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Chris Ryan: The future ain’t what it used to be

Chris RyanMoney & FinanceAspen, CO Colorado
Chris Ryan
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The legendary baseball coach, Yogi Berra, once said “The future ain’t what it used to be.” That sentiment is certainly shared by investors today with headlines of Middle East protests and revolutions, Japanese earthquakes and tsunamis, and continued economic recovery questions. But the truth is that the future has always been uncertain and always will be. Sentiment about the future oscillates between optimism and concern and investors, as a group, are not immune. This oscillation is what makes investment prices swing from over-valued to under-valued over and over again. Last month investors as a group were optimistic and global equity markets were in rally mode. This month, protests and tsunamis have investors concerned and so stock prices have pulled back. Will markets continue to adjust downward, or will they rebound? Every investor wants to know. And every self-proclaimed pundit is eager to share their answer as if they could know. The truth is the future is always unknowable, to predict is interesting but futile, and investors that get this will do better. There is a better way, and we call it Active Indexing. First, consider the case for indexing. There are more than 9,000 companies listed in the U.S. and approximately the same number outside the U.S. The MSCI Global Index includes nearly all of these on a market capitalization basis. According to this index, the U.S. comprises 42 percent of the world index, Europe is 28 percent, Japan is 9 percent, Emerging Markets are 12 percent, and so on. The typical investor tries to allocate their portfolio to various markets – a little in bonds, a little in U.S. stocks, a little in international stocks and so on. Maybe they’ll try themselves to pick individual stocks in each category but, more likely, they’ll choose a money manager or mutual fund that will do it for them. And how likely do you think it is that the manager or mutual fund will pick the right handful of stocks that will beat their respective index? Not very. S&P publishes a monthly report called the SPIVA report, or S&P Index versus Active report, and they consistently show that about 75 percent of managers can’t beat their respective index in any given year. Many sophisticated and large institutional investors have finally figured this out and many have converted to buying index funds. We certainly recommend you consider it, too. To improve upon passive indexing, there is one more step you could consider. We already made the claim that predicting the future is futile. And guessing the direction of global stock markets doesn’t work. But … you can observe the current trend of a given market, or index fund, and invest accordingly. This is the “active” we’re advocating in Active Indexing. The attached chart of the S&P500 includes a 200-day simple moving average. You can clearly see the many up and down-trends over the past 20 years. Any investor using this simple tool could see that there have been times to be fully invested and times to take some money off the table to avoid some losses. We use a similar but more precise set of tools to measure the trends but the concept is the same. The future ain’t what it used to be, it’s true, but the smart investor knows they don’t need to predict the future anyway. Determine the right allocation for your values and needs, build your portfolio with low cost index funds, and if you’re up to it, actively over and under-weight your holdings based on the current trends. Don’t guess, don’t listen to pundits, and stay disciplined. The future will take care of itself.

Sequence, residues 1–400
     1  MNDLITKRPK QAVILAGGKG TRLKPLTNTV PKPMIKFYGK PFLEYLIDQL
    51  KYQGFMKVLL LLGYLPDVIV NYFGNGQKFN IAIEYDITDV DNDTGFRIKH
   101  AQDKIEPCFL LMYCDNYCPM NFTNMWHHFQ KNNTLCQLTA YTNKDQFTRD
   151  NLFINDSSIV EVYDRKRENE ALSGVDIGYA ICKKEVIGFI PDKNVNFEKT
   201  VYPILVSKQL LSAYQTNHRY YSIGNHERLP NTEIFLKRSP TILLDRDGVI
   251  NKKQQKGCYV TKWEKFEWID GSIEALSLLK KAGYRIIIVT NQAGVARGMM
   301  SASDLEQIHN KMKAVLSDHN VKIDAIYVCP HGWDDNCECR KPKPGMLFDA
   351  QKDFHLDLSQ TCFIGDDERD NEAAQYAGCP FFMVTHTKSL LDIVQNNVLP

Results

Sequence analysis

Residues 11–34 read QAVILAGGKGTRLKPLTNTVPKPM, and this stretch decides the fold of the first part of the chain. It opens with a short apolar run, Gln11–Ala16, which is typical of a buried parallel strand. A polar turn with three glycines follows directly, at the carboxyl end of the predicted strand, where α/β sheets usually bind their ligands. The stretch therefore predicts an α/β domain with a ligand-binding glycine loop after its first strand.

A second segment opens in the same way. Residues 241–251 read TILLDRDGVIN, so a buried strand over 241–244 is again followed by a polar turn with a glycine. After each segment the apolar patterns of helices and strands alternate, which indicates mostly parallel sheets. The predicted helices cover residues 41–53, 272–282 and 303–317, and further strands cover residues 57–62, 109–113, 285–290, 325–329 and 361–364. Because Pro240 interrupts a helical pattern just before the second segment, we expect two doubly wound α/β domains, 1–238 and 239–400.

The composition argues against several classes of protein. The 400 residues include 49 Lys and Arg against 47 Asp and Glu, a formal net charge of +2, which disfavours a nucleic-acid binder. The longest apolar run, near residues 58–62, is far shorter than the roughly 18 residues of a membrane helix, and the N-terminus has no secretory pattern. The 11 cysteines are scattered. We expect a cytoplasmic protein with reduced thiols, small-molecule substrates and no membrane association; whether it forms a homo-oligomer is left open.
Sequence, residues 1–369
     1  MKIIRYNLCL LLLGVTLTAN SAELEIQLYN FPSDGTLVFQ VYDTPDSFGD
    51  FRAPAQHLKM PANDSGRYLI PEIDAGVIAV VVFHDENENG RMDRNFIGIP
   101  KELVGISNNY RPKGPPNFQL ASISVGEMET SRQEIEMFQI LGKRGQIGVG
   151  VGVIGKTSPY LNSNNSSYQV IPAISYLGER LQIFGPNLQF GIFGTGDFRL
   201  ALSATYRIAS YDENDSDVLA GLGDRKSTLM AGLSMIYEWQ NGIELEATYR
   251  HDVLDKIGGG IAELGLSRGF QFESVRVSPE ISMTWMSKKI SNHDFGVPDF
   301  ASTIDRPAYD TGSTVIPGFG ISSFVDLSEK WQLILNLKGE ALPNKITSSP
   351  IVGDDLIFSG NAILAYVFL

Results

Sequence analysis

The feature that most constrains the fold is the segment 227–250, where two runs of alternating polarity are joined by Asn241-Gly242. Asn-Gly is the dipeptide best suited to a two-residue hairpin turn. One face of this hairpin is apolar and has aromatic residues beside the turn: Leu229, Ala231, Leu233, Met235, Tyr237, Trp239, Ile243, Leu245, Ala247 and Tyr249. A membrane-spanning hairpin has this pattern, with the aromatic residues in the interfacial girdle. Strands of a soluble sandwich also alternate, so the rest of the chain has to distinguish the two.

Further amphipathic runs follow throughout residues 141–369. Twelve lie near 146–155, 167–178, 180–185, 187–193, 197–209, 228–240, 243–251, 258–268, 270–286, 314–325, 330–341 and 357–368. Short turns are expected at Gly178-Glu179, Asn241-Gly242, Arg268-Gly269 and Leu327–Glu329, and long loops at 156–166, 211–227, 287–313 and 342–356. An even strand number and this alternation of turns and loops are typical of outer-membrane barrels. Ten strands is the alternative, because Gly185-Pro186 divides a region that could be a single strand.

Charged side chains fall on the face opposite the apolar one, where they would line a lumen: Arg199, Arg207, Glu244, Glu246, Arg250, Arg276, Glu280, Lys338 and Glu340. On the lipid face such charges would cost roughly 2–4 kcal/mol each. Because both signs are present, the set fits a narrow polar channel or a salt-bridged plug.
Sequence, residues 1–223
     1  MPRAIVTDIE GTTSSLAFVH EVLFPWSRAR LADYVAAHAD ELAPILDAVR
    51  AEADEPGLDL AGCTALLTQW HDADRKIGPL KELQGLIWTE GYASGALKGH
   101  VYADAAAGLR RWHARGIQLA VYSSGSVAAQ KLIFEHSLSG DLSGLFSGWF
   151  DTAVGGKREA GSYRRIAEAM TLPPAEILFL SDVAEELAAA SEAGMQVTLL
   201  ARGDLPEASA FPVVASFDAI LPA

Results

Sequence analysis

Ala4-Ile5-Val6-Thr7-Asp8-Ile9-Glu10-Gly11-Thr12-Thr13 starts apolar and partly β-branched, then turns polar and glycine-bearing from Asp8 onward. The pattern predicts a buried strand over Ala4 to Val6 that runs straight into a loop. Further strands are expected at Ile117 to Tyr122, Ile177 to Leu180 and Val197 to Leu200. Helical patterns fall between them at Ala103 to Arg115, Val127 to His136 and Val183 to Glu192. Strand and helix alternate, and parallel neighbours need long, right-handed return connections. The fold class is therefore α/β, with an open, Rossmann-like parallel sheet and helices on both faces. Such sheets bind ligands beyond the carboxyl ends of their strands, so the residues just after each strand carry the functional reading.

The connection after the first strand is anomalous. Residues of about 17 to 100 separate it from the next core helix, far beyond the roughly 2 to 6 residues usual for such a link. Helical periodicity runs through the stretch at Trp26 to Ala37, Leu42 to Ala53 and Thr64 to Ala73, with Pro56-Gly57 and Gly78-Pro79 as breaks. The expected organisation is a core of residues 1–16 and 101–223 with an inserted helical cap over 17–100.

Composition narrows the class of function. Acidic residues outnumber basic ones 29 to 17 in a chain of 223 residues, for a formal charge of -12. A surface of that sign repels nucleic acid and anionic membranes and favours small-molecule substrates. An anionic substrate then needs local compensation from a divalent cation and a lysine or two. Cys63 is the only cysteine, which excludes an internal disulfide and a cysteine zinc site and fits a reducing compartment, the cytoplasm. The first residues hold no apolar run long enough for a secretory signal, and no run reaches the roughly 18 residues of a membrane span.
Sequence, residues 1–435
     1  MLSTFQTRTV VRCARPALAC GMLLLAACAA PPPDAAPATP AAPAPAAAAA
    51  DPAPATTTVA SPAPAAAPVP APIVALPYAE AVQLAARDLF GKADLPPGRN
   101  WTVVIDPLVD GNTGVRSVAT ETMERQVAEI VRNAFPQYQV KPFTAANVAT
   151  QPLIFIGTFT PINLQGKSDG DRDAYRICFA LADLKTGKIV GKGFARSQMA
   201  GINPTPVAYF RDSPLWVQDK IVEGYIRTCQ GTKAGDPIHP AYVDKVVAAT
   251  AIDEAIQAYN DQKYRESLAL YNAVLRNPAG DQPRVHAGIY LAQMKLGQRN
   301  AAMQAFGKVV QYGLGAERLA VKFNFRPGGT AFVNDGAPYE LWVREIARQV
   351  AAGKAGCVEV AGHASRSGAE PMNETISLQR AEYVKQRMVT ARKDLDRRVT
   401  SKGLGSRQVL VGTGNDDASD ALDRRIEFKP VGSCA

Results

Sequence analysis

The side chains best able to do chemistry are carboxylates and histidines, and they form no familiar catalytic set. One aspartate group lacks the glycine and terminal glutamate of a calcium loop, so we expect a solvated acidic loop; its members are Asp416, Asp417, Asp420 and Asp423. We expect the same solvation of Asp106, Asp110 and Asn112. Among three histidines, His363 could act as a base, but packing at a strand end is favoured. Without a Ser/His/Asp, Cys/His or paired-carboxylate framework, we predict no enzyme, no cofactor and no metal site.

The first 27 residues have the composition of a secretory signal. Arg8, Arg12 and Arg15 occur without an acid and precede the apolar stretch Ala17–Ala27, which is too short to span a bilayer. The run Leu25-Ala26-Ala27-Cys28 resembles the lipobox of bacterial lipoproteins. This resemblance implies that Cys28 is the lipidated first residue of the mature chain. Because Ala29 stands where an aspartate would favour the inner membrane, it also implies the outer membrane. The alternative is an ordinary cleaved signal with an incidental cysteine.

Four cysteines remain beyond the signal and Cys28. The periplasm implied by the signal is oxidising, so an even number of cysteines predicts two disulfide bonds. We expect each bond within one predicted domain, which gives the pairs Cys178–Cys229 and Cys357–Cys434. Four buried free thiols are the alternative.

Ryan Investment Management (RIM) is an SEC-registered investment advisory firm based in Aspen, serving individual investors and non-profits. RIM manages portfolios using an Active Indexing strategy, combining low-cost index funds and ETFs with a disciplined trend-following approach, to provide investors the growth they desire and the protection they need. More information is available at http://www.ryaninvest.com or (970) 429-1100.


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